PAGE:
1. This note reports on information that has become available after the staff report (SM/11/319) was issued and does not alter the thrust of the staff appraisal.
2. Recent data points to a mixed picture, with stronger-than-expected GDP rebound in Q3 but increasing signs the economy is now decelerating. Real GDP grew by 3½ percent (s.a.a.r.) in Q3, after a small contraction in the previous quarter due to one-off factors. This growth reflected a strong rebound in net exports, while the growth of final domestic demand weakened. On the other hand, rising unemployment (7.4 percent in November) and recent activity surveys (such as the October and November manufacturing PMI) suggest the economy is decelerating. The rebound in net exports led to a decline in Canada’s current account deficit to 2.8 percent of GDP in the third quarter. However, external trade developments remain volatile, with exports falling by 3 percent in October, partially reversing the improvement observed in previous months. Inflation fell slightly in October, with core inflation remaining around the Bank of Canada’s 2 percent target. The fiscal outturn for Q3 suggests that the general government fiscal deficit is broadly in line with staff projections.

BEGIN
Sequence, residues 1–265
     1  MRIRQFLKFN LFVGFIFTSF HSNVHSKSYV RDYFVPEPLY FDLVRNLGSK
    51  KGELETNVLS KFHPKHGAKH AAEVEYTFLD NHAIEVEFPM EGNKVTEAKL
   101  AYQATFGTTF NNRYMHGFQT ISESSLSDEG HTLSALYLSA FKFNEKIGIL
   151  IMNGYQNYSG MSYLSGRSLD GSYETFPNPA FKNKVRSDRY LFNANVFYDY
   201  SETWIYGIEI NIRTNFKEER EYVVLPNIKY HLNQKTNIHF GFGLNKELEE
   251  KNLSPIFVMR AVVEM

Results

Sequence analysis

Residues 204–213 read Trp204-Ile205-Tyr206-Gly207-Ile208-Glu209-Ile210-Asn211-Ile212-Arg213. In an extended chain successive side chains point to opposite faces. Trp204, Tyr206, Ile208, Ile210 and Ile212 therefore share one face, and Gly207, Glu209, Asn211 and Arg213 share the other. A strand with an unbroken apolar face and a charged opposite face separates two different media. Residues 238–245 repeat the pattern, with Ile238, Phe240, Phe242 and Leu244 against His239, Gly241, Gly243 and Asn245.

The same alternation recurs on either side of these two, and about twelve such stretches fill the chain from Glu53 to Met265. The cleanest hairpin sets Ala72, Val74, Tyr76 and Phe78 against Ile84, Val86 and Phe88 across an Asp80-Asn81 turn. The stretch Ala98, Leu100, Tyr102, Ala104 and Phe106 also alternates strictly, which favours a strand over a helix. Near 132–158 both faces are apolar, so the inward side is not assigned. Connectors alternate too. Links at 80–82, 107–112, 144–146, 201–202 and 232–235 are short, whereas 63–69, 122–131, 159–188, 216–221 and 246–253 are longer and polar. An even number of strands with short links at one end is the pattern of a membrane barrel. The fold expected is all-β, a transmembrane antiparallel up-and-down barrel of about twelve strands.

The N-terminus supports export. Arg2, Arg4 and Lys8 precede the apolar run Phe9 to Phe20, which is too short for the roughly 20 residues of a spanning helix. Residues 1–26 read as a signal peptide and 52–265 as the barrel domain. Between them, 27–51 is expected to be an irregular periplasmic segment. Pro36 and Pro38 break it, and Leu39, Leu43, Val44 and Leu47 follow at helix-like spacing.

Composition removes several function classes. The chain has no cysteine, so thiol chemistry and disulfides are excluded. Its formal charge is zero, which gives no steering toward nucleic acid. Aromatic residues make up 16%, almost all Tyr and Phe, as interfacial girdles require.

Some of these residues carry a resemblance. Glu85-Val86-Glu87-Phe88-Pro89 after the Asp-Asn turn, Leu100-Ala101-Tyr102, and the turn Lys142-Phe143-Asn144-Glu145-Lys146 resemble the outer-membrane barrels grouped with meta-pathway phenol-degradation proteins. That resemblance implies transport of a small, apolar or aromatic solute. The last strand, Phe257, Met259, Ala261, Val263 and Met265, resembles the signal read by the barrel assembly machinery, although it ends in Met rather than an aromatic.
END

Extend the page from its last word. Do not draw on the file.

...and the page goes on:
3. On December 6, as anticipated, the Bank of Canada left the overnight rate unchanged at 1 percent. In its statement, the Bank noted that the weaker external outlook was expected to dampen GDP growth in Canada through the financial, confidence, and trade channels. While inflation has been somewhat higher than envisaged, inflationary pressures in the quarters ahead are expected to remain subdued, especially given the existing slack in the economy.
4. On November 30, several central banks, including the Bank of Canada, took further coordinated actions to enhance their capacity to provide liquidity support to the global financial system. The Bank of Canada, the Bank of England, the Bank of Japan, the European Central Bank, the Federal Reserve, and the Swiss National Bank agreed to lower the pricing on the existing temporary U.S. dollar liquidity swap arrangements by 50 basis points. These swap arrangements have been extended to February 1, 2013. As a contingency measure, these central banks have also agreed to establish temporary bilateral liquidity swap arrangements, so that liquidity can be provided in each jurisdiction, in any of their currencies, should market conditions so warrant. The Bank’s December Financial System Review noted that risks to Canada’s financial system have increased over the last six months, mainly due to the external environment.